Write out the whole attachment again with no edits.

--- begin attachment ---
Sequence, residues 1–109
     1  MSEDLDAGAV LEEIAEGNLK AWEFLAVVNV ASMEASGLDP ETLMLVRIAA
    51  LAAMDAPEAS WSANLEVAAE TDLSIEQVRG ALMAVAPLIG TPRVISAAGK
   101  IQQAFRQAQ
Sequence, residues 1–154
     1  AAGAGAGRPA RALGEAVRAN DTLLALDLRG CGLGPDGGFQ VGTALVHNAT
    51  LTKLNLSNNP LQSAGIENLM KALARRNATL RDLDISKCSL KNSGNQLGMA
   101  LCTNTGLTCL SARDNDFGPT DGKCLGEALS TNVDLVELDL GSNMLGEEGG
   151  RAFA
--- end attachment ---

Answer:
Sequence, residues 1–109
     1  MSEDLDAGAV LEEIAEGNLK AWEFLAVVNV ASMEASGLDP ETLMLVRIAA
    51  LAAMDAPEAS WSANLEVAAE TDLSIEQVRG ALMAVAPLIG TPRVISAAGK
   101  IQQAFRQAQ
Sequence, residues 1–154
     1  AAGAGAGRPA RALGEAVRAN DTLLALDLRG CGLGPDGGFQ VGTALVHNAT
    51  LTKLNLSNNP LQSAGIENLM KALARRNATL RDLDISKCSL KNSGNQLGMA
   101  LCTNTGLTCL SARDNDFGPT DGKCLGEALS TNVDLVELDL GSNMLGEEGG
   151  RAFA